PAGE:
Siling labuyo

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Siling labuyo Pepper
Heat Very hot
Scoville scale 80,000 - 100,000
'Siling labuyo'
Capsicum frutescens (Siling labuyo).jpg
'Siling labuyo' pepper
Species Capsicum frutescens
Cultivar 'Siling labuyo'

Siling labuyo is a small chili pepper cultivar[1] commonly found in the Philippines. The cultivar name is Tagalog, and literally it translates to "wild chili."[1] Other local names for it include chileng bundok, siling palay, pasitis, pasite (Tagalog), katumbal, kitikot, siling kolikot (Bisaya), silit-diablo (Ilocano), lada, rimorimo (Bicolano), and paktin (Ifugao).[2]

Siling labuyo, Baliuag Market, Bulacan

Description[edit]

The siling labuyo plant is a perennial with small, tapering fruits, often 2-3, at a node.[3] The fruits of most varieties are red, some are yellow, purple or black. The fruits are very pungent.

In Filipino supermarkets there are now red bird's eye chilies that are commonly labeled as siling labuyo but are actually a chili pepper variety from the species Capsicum annuum[1] that came by way of Taiwan. These are said to pack less heat than the native siling labuyo but are popular with retailers because their color and shape are more consistent and thus beautiful and have a longer shelf life.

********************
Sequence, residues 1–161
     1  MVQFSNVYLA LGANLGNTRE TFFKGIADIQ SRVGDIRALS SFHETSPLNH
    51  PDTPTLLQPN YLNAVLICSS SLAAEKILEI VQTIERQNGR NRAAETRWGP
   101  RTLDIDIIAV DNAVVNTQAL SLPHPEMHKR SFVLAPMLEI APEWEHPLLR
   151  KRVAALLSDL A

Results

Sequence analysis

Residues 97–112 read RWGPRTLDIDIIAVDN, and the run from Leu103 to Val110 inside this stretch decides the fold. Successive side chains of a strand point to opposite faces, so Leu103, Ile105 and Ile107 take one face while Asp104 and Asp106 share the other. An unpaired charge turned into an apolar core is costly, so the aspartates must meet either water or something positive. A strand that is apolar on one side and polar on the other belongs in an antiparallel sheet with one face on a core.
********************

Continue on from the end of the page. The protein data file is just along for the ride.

The siling labuyo is small but packs quite a lot of heat. At one time it was even listed as the hottest chili in the Guinness Book of World Records but other hotter varieties of chili have since been identified. It measures around 80,000-100,000 Scoville units which is at the lower end of the range for the hotter habanero chili.

Ingredient in cooking[edit]

Although not as central in Filipino cuisine as bird's eye chilies are in other cuisines of Southeast Asia, it is still an often-used ingredient. The fruit of siling labuyo is popularly used to flavor vinegar to be used as a spicy condiment, while its leaves are usually consumed as a vegetable, such as in the dish Tinola.[4][1]

Other uses[edit]

In medicinal terms, the labuyo fruit was earlier utilized as an herbal plant to ease arthritis, rheumatism, dyspepsia, flatulence, and toothache.[4]

It can also be used as a natural insect repellent or pesticide when mixed with water.[5][6]

References[edit]

  1. ^ a b c d DeWitt, D.; Bosland, P.W. (2009). The Complete Chile Pepper Book: A Gardener's Guide to Choosing, Growing, Preserving, and Cooking. Timber Press. ISBN 978-0881929201. 
  2. ^ Capsicum Frutescens Linn. Sileng-Labuyo
  3. ^ "Hot pepper". Republic of Philippines, Department of Agriculture. Retrieved 3 June 2014. 
  4. ^ a b Nagpala, Ellaine Grace. (2007). A fresh look at siling labuyo. BAR Chronicle 8(10). Retrieved 2009-10-22.
  5. ^ Aguilar, Ephraim. (2007-5-31). School teaches love for environment. Philippine Daily Inquirer. Retrieved 2012-10-21.
  6. ^ anonymous. "Introduction to Natural Farming with Organic and Biological Technology: An Attempt to Get Back to Mother Nature".